Louisiana Governor Bobby Jindal warmed up his audience at the 2013 Conservative Political Action Conference with a few jokes, riffing off his own legendary misfire when giving the response to President Obama’s first State of the Union speech in 2009, the media’s cozy relationship with the current Administration, Dennis Rodman’s antics in North Korea, and the hideous prospect of attending every political speech given at CPAC – an ordeal he compared unfavorably to waterboarding.
His best joke was a hearty welcome to Senator Elizabeth Warren of Massachusetts, famed for falsely claiming to be of American Indian descent for decades. “My staff tells me we have a lot in common,” said Jindal. “From one Indian politician to another I want to wish her the best in the United States Senate.” His jab at former South Carolina governor Mark Sanford, attempting to relaunch his career in Republican politics after a devastating scandal, was almost as good.
Jindal’s serious material was very interesting, and quite a bit different from the approach taken by many other CPAC speakers. Jindal is a great believer in the strategy of growing our way out of fiscal crisis, rather than imposing severe spending cuts. “Today’s conservatism is too wrapped up in solving the hideous mess that is the federal government,” the Governor judged. “Our objective is to grow the private sector… We must not become the party of austerity, we must become the party of growth.”
The debate between controlling government to rein it in, or make it even larger, is a debate Jindal sees Republicans trying to fight on the Democrats’ terms. It is a “very small and short-sighted debate,” he said. “If our vision isn’t greater than that, we don’t deserve to win.”
Jindal cited the “fiscal cliff,” budget crisis, gun control, and sequestration as examples of conservatives falling into a “sideshow trap” and allowing Washington to take center stage over the rest of American life. He doesn’t see this “obsession with zeroes” and focus on spreadsheet politics as a winner for Republicans, especially since “any budget based on fiscal sanity will be deemed ‘not serious’ by the media,” not to mention doomed beneath intransigent Senate Democrats, or Barack Obama’s veto pen.
“The truth is this: nothing serious is deemed serious in Washington, D.C.,” Jindal said. He encouraged Republicans to focus their efforts on ensuring America could once again become a land of opportunity, while seeming to advise that efforts at fiscal restraint should be directed at the most egregious examples of government waste, noting that Obama would never be able to give enough tax money to his green-energy cronies to create prosperity. “As conservatives, we must dedicate our energies and efforts to growing America,” Jindal said.
He portrayed this goal as more realistic than a bitter struggle for control of Washington, given the results of recent elections, and the booby prize awarded to the victors of such a struggle. “If our end goal is to simply better manage the disaster that is the federal government, you can count me out. I’m not signing up for that. Who here wants to sign up for managing the decline of America?”
He said he was content to allow the Democrats to remain the party of government expansion and economic contraction – the engineers of a machine that drains money from taxpayers, grinds it to powder, and returns the degenerate results through the government subsidy pipeline, in the laughable belief it can be fuel for growth.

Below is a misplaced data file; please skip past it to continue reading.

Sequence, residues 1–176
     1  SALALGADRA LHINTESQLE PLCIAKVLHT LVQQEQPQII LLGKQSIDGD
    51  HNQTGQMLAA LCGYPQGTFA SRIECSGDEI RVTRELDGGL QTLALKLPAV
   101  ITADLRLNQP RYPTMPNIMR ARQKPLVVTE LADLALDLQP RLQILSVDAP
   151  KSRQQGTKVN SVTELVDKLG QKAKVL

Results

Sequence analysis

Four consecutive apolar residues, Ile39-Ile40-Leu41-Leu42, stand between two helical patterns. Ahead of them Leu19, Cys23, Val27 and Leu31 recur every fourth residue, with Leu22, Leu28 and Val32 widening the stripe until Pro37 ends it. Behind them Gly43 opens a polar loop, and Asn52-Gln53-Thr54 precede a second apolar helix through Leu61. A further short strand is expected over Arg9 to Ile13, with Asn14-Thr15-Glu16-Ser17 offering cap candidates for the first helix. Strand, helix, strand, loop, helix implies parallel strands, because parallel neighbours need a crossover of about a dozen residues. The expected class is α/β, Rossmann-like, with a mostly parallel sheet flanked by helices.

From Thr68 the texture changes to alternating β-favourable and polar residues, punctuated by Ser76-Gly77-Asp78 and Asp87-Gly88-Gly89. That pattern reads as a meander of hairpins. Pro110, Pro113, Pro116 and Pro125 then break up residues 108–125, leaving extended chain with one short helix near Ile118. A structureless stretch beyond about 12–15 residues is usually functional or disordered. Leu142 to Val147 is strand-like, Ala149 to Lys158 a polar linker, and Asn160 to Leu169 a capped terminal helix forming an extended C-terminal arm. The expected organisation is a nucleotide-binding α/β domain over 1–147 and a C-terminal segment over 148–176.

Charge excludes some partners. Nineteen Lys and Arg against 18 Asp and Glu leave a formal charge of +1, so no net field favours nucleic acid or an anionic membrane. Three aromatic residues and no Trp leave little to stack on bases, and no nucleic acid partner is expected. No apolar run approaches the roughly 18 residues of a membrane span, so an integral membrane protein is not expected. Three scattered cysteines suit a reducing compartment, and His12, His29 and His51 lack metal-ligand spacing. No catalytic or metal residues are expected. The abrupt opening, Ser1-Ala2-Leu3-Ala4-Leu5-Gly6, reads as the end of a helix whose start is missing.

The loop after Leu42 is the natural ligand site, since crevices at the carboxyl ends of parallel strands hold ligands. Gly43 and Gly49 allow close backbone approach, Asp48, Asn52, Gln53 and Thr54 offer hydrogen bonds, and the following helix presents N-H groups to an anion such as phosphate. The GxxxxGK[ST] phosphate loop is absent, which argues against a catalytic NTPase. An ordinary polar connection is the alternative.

He hinted that his growth strategy might involve shifting Republican political efforts back to state governments instead of Washington, to build the prosperity he spoke of one community at a time. This would build the political capital and general popularity necessary to take another shot at winning Washington, coupled with a realistic chance of building a sustainable federal government after electoral victory.
He spoke strongly in favor of returning power and money from D.C. to state capitals. “If it’s worth doing, then block-grant it to the states,” said Jindal. “And if the states can’t be trusted to do it, then, well, maybe Washington shouldn’t be doing it at all.” He also wants to radically simplify our complicated tax code, going so far as to suggest “blowing it up,” although he didn’t specify what he would replace it with, beyond promising that it would contain fewer weird exemptions and deductions arranged by lobbyists.
It would require us to “recalibrate the compass of conservatism.” Jindal was relatively unique among CPAC speakers in saying this re-calibration would come in economic, rather than social areas. Most others have been suggesting conservatives move to the left on some social topics, but Jindal would have none of that, because “America already has one liberal party.”
“I’m not calling for a period of introspection and navel-gazing,” the Governor promised. “Far from it. I’m calling for us to get busy winning the argument. There is much work to be done… and then, after that, we must go out and win the next election, so that we can preserve for our children and grandchildren all that makes us the greatest country in the history of the world.”
Winning by engineering growth and the state and local level, building momentum toward a 2016 showdown in Washington, is an interesting strategy. It would be a pity if the titanic engine of government destruction – which Jindal thinks other Republicans are too worried about shutting down – stepped in to quash his plans. What “grows” beneath the tread of such a machine?